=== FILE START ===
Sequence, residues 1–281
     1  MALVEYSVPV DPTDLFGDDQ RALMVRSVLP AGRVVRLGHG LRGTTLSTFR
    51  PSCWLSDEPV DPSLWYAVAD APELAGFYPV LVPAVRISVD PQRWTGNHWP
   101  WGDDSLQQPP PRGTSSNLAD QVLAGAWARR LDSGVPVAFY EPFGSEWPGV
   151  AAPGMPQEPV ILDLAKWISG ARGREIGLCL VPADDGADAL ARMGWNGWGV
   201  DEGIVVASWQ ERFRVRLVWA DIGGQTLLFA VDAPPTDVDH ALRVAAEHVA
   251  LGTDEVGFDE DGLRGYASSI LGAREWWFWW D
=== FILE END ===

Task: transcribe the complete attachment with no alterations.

Sequence, residues 1–281
     1  MALVEYSVPV DPTDLFGDDQ RALMVRSVLP AGRVVRLGHG LRGTTLSTFR
    51  PSCWLSDEPV DPSLWYAVAD APELAGFYPV LVPAVRISVD PQRWTGNHWP
   101  WGDDSLQQPP PRGTSSNLAD QVLAGAWARR LDSGVPVAFY EPFGSEWPGV
   151  AAPGMPQEPV ILDLAKWISG ARGREIGLCL VPADDGADAL ARMGWNGWGV
   201  DEGIVVASWQ ERFRVRLVWA DIGGQTLLFA VDAPPTDVDH ALRVAAEHVA
   251  LGTDEVGFDE DGLRGYASSI LGAREWWFWW D